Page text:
Amy Chua’s book about about parenting caused a lot of controversy in America and abroad for her parenting style that many thought was abusive at best and psychotic at worst. At first I was conflicted about this book because I was a bit jealous that her kids got driven to places and their mother invested in their “talents” without complaining about how much money she spent on them (my own trauma talking). But after re-reading the book and knowing how the family turned out in the end gives me new perspective.
Inevitably both of Amys daughters got into Harvard…even though as legacy they would have gotten in easily anyway (well more easily than non-legacy anyway). The oldest daughter does not have a career as a pianist and neither does the youngest have a career as a violinist or a tennis player. Honestly with what’s happened with their lives they might as well have been eating gummie worms and playing video games with the rest of us. You know have a happy childhood.
Currently Amy herself is under investigation for fraud at her school and her husband has been suspended for sexually harassing female students. And obviously to save the image of the family Amy has been standing by her man and refuting the claims, although if she’s anything of the dragon lady that she portrays herself as in her book it’s not surprising that the husband would look elsewhere…although we wished he looked at females he wasn’t in a position of power over and could take advantage of.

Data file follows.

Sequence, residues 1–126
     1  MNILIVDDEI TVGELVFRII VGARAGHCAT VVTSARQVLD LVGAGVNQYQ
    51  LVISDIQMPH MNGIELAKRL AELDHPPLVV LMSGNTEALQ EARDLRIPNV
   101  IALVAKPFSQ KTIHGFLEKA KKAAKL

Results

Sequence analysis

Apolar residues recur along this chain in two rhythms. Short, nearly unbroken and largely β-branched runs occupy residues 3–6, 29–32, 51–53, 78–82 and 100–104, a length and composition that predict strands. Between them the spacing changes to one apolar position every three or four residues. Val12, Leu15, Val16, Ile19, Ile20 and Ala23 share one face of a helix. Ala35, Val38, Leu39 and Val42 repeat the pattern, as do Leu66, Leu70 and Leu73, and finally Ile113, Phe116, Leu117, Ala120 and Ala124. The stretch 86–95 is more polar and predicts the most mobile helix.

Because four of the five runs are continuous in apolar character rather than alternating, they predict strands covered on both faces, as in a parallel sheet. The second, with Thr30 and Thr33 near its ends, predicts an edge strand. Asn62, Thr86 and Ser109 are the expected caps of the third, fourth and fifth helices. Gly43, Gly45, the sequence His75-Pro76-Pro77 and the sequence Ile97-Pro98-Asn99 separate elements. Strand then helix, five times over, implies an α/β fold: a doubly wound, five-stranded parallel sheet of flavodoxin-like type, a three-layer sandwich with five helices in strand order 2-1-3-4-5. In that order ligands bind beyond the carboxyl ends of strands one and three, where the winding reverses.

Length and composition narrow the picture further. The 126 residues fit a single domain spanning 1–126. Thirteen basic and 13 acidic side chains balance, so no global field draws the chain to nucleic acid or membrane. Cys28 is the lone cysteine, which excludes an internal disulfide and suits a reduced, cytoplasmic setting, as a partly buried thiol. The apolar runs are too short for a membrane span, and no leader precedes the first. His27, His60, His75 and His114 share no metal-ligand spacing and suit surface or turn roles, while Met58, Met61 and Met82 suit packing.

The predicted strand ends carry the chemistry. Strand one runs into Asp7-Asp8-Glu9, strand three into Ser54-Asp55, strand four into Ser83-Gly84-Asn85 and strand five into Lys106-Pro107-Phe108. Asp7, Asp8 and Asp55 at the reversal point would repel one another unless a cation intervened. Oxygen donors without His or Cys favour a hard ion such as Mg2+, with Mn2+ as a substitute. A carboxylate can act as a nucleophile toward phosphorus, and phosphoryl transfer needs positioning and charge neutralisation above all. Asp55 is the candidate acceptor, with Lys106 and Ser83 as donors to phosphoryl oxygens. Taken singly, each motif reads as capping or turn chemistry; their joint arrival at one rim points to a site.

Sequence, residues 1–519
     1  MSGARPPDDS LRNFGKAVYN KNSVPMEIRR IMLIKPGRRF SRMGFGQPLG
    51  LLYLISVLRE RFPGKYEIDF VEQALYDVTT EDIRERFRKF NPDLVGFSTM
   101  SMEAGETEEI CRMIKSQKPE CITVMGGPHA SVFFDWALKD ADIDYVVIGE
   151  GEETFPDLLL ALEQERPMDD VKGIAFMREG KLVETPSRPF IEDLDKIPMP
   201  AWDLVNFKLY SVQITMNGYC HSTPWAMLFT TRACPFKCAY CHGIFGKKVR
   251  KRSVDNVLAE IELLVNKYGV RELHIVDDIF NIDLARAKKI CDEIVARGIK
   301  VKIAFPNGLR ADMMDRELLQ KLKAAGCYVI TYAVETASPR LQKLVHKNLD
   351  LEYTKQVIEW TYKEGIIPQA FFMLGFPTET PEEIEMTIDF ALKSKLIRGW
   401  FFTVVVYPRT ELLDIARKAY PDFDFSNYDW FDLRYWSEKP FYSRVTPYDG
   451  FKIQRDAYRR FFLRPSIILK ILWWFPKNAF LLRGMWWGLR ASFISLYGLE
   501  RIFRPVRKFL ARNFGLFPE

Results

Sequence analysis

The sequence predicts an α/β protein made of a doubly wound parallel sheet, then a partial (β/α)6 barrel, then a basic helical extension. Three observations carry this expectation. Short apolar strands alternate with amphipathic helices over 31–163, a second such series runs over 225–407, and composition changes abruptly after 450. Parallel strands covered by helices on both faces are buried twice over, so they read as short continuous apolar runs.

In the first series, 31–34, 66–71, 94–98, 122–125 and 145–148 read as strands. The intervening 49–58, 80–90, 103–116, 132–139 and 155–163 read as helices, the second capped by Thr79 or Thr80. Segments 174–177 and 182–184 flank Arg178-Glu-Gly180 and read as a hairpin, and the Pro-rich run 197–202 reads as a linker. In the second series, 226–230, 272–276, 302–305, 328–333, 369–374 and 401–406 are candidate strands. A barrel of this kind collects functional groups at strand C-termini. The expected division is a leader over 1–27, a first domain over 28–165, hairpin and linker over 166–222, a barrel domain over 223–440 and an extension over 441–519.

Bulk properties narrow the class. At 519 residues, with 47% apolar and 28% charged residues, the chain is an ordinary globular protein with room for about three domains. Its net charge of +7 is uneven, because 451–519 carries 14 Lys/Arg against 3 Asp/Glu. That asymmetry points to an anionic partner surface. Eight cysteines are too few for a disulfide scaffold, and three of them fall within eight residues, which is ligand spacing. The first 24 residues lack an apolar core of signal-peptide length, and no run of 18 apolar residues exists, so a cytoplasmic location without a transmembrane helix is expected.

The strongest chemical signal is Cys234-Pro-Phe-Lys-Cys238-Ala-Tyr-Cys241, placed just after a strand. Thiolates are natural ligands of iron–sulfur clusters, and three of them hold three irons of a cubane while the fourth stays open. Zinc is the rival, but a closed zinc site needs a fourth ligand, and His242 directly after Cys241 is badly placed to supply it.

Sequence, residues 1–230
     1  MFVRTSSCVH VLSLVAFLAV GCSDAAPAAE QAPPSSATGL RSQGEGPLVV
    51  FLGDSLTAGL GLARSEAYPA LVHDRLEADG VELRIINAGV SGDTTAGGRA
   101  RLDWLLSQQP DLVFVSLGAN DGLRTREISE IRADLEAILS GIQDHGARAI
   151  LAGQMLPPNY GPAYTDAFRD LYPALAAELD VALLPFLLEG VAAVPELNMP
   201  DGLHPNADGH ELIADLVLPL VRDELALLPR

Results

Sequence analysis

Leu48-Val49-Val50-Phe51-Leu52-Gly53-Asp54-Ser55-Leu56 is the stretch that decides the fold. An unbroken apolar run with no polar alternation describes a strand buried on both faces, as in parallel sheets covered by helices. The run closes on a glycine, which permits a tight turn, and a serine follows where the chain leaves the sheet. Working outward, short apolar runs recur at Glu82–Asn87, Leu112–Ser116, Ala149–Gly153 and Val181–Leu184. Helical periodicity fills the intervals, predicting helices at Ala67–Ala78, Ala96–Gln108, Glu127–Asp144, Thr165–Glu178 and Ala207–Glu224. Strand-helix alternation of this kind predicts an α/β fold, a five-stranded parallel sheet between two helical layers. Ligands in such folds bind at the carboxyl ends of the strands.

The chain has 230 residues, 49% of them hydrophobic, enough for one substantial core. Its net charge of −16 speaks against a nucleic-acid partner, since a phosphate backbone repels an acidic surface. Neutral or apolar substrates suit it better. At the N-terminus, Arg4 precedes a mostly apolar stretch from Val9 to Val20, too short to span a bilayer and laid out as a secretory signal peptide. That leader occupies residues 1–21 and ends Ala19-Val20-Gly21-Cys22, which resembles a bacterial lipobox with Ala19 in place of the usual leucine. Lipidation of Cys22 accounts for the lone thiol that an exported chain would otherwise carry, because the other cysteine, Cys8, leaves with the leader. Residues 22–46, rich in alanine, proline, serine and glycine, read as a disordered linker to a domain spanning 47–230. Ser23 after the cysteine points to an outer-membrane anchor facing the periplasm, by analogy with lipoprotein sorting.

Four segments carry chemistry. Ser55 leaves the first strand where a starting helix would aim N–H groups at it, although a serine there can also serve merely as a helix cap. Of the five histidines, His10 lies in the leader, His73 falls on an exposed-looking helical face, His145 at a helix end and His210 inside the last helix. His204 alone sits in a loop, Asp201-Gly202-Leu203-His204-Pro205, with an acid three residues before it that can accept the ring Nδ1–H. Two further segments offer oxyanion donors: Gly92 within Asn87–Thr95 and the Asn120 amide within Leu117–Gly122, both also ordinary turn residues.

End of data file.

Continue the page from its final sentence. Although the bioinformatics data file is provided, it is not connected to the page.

Her high moral character came into question long ago though when she initially defended a high court judge who was called out during the #metoo movement. Then her daughter got an opportunity from the same person…throw your child straight into the mouth of a crocodile for the sake of a bright future why don’t you?
And this idea of a bright future she advocates for…what future is there when the present is miserable? People who keep looking towards what’s going to happen next end up doing unspeakable things in the present because if the mentality that “the end justifies the means”.
Just as many black kids are criticizing the abusive parenting style, Asian kids are also openly criticizing the tiger parenting method that they’ve been through (this doesn’t mean that all Asian parents are tiger parents though just like not all black parents are abusive). Many of them say that their parents’ strict parenting have stunted their emotional and social development as well as leaving trauma that they have to spend years to rectify. The biggest thing though is that the children never have a loving and healthy relationship with their parents.
In the end was it worth it? How do Amy’s daughters really feel after all these years? They were forced into the spotlight at a young age, defending their mother after the controversy of the book about their lives. But as an adult when you can re-evaluate things from a mature point of view you don’t sugar-coat the messed up things your parents did.